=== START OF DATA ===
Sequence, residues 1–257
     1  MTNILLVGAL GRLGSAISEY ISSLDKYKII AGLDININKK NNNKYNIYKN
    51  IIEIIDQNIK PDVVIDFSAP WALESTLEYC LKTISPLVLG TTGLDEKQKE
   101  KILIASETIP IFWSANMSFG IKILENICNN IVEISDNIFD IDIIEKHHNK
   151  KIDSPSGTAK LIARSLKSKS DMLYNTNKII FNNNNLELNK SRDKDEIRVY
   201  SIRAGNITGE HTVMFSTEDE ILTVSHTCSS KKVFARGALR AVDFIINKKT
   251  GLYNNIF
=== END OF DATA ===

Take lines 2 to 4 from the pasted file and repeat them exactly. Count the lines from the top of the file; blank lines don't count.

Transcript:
     1  MTNILLVGAL GRLGSAISEY ISSLDKYKII AGLDININKK NNNKYNIYKN
    51  IIEIIDQNIK PDVVIDFSAP WALESTLEYC LKTISPLVLG TTGLDEKQKE
   101  KILIASETIP IFWSANMSFG IKILENICNN IVEISDNIFD IDIIEKHHNK